Despite Howard Zinn’s suggestion that, “Dissent is the highest form of patriotism,” (public lecture, 1995) history has shown that dissent is a threat to the status quo and viewed as unpatriotic. Here in lies one of the problems with the concept of patriotism: too often we are provided examples of patriots as blind followers of the policies of their governments, and we are told that that is admirable. Meanwhile, anyone with a moderate understanding of US history recognizes that is the Founders of our nation had held that view of patriotism, they would have never produced “The Declaration of Independence”. However, they did not view patriotism as a willingness to blindly support and follow the rules of your society, no matter what, and for that we hold them in the highest regard and hold them up as the ultimate examples of patriotic “Americans”. Now, before people start claiming that I’m advocating a revolution of any kind, I’m not. I’m simply asking you to consider how we define these terms that mean so much to our society. Further, I’m asking you to consider where patriotic behaviors and the social category “patriotic” evolve from in the first place.

On the surface, patriotic behaviors are similar to altruistic behaviors, and as such, are as seemingly contradictory to our current understanding of evolutionary theory. Instead of behaving in a way that exposes ones-self to undue risk of injury and death in an effort to preserve or expand the norms, goals and fabric of our society, individuals should let others make those sacrifices and “cheat” whenever possible. There does seem to be good evidence for this, as evidenced by the structure of our and past militaries that tend and tended to recruit and “utilize” individuals with fewer resources and political power. However, there are thousands of individuals in the US today, and millions throughout history and pre-history who are willing to, or did, give up their lives for the sake of God or country [or both]. There are those who claim that patriotism is another piece of evidence that humans are altruistic by nature. Still others claim that patriotism is evidence for group selection among modern humans. Still others claim that our willingness to engage in patriotic acts is evidence of how strong culture can influence behavior.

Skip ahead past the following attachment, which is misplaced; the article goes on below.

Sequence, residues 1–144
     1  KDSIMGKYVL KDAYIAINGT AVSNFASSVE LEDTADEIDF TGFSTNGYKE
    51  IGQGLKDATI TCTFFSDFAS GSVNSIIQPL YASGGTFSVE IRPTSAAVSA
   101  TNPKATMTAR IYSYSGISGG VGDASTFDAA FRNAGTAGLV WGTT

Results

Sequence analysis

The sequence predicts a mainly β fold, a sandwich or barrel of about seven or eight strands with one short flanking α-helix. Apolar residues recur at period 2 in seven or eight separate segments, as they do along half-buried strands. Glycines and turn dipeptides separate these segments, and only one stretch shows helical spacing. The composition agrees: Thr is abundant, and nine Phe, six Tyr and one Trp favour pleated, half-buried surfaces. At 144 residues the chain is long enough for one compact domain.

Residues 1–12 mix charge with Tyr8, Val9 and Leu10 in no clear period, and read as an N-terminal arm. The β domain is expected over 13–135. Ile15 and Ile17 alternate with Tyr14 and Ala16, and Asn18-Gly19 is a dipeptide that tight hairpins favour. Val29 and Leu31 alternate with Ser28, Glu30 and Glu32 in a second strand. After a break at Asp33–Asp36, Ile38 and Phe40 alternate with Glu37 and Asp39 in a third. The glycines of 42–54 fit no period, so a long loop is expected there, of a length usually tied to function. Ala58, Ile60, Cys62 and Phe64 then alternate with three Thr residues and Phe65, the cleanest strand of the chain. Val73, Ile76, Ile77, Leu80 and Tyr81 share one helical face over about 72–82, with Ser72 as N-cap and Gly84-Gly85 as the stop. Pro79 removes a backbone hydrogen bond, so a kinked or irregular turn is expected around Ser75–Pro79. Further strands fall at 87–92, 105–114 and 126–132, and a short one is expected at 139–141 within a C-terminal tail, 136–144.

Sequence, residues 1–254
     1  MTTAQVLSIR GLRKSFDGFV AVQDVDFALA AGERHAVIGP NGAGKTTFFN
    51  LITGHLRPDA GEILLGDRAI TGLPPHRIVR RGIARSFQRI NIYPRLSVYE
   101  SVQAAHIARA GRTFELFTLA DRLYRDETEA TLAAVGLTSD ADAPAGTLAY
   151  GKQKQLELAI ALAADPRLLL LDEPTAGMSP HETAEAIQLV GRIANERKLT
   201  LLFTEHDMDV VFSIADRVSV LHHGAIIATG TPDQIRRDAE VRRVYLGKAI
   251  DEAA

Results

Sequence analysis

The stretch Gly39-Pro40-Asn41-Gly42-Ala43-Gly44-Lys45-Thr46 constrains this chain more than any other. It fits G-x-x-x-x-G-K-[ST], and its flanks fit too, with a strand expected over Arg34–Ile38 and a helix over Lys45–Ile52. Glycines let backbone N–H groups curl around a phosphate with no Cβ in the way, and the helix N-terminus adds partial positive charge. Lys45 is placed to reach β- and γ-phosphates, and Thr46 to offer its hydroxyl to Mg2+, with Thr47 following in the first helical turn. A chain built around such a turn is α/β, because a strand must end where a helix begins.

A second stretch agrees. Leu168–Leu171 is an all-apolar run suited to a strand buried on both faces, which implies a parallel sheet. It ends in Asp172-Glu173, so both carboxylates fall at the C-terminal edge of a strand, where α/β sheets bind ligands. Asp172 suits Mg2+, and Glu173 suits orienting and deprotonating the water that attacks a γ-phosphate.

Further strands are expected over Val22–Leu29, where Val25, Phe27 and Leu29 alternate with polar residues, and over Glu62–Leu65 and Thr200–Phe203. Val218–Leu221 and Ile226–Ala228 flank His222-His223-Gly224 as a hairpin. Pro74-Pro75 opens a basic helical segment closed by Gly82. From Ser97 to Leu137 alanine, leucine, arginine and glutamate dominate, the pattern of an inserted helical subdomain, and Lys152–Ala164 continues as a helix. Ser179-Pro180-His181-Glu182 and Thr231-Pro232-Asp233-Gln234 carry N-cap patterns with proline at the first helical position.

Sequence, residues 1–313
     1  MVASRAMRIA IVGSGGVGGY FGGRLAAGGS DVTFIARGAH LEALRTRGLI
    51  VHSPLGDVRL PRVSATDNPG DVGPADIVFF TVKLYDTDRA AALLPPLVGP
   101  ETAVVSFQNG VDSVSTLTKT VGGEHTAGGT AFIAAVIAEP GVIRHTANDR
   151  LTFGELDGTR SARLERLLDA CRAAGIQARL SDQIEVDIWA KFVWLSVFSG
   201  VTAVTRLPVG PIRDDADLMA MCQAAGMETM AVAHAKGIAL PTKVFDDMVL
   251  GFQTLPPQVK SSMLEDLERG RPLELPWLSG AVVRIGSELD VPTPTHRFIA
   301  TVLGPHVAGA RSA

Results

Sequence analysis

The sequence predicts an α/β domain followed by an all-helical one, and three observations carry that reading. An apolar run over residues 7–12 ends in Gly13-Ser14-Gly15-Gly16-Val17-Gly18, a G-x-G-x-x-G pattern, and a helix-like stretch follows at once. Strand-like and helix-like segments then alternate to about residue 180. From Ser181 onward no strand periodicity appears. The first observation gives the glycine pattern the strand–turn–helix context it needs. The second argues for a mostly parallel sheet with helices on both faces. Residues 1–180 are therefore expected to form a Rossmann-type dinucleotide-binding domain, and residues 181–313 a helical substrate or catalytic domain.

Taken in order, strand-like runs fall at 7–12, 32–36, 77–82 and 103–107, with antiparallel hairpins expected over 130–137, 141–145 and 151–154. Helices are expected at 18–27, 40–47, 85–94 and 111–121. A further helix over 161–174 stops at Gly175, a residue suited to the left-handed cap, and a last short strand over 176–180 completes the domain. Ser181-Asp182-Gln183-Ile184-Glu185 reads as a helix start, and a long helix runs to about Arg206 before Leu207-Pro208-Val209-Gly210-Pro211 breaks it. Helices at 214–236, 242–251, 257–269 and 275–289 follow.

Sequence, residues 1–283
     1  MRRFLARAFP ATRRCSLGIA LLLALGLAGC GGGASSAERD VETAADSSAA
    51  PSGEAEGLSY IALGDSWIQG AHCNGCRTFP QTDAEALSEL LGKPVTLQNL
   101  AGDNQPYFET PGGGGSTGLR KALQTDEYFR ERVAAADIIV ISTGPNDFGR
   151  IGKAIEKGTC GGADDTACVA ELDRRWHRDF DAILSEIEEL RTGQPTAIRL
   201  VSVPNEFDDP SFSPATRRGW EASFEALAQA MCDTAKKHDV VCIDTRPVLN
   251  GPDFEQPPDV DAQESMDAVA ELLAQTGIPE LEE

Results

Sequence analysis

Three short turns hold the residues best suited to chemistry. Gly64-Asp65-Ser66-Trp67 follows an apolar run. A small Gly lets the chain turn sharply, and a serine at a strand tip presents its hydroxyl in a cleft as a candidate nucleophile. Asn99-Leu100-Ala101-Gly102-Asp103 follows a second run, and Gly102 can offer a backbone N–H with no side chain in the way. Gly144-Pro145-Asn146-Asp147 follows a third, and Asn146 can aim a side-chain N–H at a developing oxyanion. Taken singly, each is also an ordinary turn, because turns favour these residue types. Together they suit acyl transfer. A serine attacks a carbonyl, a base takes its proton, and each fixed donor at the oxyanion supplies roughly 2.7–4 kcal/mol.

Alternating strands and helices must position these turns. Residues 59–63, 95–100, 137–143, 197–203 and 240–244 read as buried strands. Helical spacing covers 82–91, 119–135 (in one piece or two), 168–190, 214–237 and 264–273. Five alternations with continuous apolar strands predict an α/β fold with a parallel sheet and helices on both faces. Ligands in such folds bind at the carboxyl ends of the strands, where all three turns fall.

From the historical, contemporary and archaeological records, it is apparent that humans everywhere feel a sense of pride in their social groups and that they are often willing to fight, and die, to defend the territories, resources or reputations of those social groups. However, to truly understand patriotism among humans, we need to expand our perspective and consider several things: 1) Is patriotism unique to humans? 2) If not, what other animals show patriotic behaviors and why?

In response to question 1, I would say that yes, patriotism is unique to humans, however simple patriotic behaviors are not. In other words, no other animal on the planet is willing to put his or her life at risk to ensure that an abstract symbol is not defaced in anyway. Meanwhile, humans will drop their weapons in the heat of battle to make sure that a flag doesn’t touch the ground. Despite this, we do see the antecedents of patriotism among non-human animals. For example, among the social insects, individuals readily sacrifice their own lives to help ensure the survival of the queen and her offspring. Of course, once you understand haplodiploidy and its impact on behavior, these acts of “altruism” make perfect sense. We also see that individual primates living in complex social groups that defend resources against outside groups, often act in ways that increase their potential for injury, while promoting the success of the group. Among many macaque species, females from one community will join forces to exclude females from other communities from core areas with a lot of resources. While individuals could “free-load” off of one another and some do, most don’t. Instead, they all suffer losses and gain victories together. Similarly, male chimpanzees work together to defend territorial boundaries and regularly engage in group boundary patrols, intercommunity encounters [ICEs], incursions, and battles that put each individual male at risk. Despite the risks involved, males still engage in these behaviors, and often seem eager to do so.

A deeper look at the behaviors and the contexts in which they are acted out reveals that kin selection, reciprocal altruism and collective actions usually explain most of them. Both female macaques and male chimpanzees stay in the groups they are born into their entire lives and are therefore with genetically related individuals when engaging in group behaviors. Further, these are long-lived organisms that have the potential to trade favors over a long period of time, allowing for reciprocity, or the potential of reciprocity. Finally, Watts and Mitani (2001) have suggested that territoriality among male chimpanzees may be a collective action problem. That is, each of the males has the same problem [defending the community range against outsiders] and they all can gain much more if they work together to minimize individual risk and maximize the potential for success in their territorial interactions.